Because apparently you missed the 2nd paragraph: "Toshiba's 8TB offerings (the N300 and the X300) didn't make it to our testbed in time for this guide." Reply
  • iamlilysdad - Friday, November 24, 2017 - link

    Seems like omitting those makes this guide sort of useless. Reply
  • coburn_c - Friday, November 24, 2017 - link

    Price fixing has been apparent since the Thailand floods. SSD has been their shield. Expect no movement on this. Reply
  • IGTrading - Saturday, November 25, 2017 - link

    Yes. 100% true.

    HDD makers had stocks on every continent that were enough to satisfy demand for the following 1.5 years. They were suffering from overproduction.

    But when the floods came, they've quickly doubled and even tippled prices, because they already had complete control over the market.

    There was a good 2 article series written right back then by some guy which got most of what was happening, but the reality was even worse than what he was saying ... something like the "fake HDD crisis" ... He got a lot of shit for it, but 5 years later we live in a world where the HDD costs as much as a high-end video card or processor.
    Reply
  • lordcheeto - Thursday, December 14, 2017 - link

    Supply and demand, not stock and demand. Flood caused uncertainty in the future production capability. Of course prices rised. Reply
  • Beaver M. - Saturday, November 25, 2017 - link

    Yes, its starting to get real frustrating if you cant afford anymore to backup your data.
    I remember 4 years ago I already wanted to upgrade my storage space because I desperately need it, but these prices make it impossible. Instead I simply deleted data, I decided wasnt that important, but it turned out it was...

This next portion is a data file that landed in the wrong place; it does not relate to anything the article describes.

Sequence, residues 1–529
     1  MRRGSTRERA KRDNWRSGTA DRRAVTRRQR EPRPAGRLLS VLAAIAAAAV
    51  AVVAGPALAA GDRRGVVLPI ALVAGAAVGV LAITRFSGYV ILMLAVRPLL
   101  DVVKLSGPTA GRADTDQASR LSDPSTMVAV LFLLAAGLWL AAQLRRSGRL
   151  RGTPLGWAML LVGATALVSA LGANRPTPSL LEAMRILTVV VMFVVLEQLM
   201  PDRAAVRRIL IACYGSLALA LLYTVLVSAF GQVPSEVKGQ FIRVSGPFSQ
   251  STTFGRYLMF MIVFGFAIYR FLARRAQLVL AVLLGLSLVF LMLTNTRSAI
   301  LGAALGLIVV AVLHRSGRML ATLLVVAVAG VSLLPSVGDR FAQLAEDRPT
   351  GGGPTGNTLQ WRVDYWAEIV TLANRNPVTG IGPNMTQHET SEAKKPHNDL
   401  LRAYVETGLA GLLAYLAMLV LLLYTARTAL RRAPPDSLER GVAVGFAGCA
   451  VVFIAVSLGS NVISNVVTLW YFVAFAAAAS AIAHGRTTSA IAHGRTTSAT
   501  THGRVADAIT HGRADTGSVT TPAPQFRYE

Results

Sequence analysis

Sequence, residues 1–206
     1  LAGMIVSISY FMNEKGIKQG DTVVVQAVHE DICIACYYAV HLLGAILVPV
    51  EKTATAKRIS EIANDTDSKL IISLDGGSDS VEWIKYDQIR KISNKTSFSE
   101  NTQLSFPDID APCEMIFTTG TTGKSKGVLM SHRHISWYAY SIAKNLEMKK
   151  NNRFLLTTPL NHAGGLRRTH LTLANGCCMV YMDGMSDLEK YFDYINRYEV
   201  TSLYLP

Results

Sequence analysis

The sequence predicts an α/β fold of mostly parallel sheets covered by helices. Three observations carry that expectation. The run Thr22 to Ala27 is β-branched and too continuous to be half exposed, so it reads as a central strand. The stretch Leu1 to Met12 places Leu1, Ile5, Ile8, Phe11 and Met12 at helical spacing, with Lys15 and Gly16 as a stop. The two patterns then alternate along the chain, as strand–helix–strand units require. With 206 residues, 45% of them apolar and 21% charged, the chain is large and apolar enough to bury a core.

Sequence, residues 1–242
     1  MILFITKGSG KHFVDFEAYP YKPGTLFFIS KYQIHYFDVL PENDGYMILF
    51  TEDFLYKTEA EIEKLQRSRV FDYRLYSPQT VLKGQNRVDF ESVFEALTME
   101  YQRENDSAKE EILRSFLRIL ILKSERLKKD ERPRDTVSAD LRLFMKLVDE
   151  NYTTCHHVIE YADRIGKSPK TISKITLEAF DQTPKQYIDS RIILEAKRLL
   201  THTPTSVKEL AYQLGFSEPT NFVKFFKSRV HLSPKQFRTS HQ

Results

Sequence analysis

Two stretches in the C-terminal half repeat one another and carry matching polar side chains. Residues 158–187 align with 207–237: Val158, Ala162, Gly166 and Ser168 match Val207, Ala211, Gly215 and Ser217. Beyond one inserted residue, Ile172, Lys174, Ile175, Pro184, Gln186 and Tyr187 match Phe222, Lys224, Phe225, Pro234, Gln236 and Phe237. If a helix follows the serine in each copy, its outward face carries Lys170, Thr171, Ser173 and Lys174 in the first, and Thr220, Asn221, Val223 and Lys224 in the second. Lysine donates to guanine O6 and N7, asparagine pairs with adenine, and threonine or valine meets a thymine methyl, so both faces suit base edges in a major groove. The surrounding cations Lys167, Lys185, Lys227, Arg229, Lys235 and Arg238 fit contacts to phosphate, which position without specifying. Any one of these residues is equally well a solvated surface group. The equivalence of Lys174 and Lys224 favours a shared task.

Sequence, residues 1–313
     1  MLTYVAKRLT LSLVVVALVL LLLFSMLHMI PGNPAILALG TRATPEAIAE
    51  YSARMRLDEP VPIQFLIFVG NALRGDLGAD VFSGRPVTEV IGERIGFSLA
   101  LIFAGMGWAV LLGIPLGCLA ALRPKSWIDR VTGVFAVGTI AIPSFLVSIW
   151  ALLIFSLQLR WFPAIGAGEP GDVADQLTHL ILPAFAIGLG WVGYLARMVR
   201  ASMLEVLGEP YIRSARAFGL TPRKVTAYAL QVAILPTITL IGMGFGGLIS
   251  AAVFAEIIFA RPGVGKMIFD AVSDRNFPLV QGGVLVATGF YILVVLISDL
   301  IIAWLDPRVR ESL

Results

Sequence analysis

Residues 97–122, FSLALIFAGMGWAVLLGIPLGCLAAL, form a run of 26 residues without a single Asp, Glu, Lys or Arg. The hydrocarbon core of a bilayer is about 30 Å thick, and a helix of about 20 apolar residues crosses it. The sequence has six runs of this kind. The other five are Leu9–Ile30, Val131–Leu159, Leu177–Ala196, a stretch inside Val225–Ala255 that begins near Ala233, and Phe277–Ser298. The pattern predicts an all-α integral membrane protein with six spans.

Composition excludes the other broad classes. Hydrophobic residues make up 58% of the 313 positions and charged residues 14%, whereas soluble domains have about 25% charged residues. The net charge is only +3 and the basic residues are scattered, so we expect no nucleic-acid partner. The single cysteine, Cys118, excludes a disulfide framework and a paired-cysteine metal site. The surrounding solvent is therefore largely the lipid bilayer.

Reply
  • e36Jeff - Sunday, November 26, 2017 - link

    Except it's not the same components. Those drives had 3-4 platters, the new ones have 8. Their density is 2x or better than circa 2011 drives.The heads are smaller and have to be more accurate. And to top it all off, 1TB drives in 2011 were not the top-end drives, the top-end drives were 4TB, which ran $300-350(which now buys you 8TB or more). You can currently get a 4TB drive for $90. 1TB drives are still in the $40-50 range, my guess would be that is the floor for them to make a profit on a drive. The only reason you'd think that prices haven't fallen is because you are looking at the past through rose-colored glasses. Reply
  • ZYFER - Sunday, November 26, 2017 - link

    Yet still not seeing improvements in 2.5" drives. All the ones they put out larger than 2TB are too big to fit into laptops making them of little use except for externals. Reply
  • e36Jeff - Sunday, November 26, 2017 - link

    Because nobody in their right mind gets a spinning drive in anything short of a budget laptop, and a budget laptop isn't going to have a 2TB drive. Reply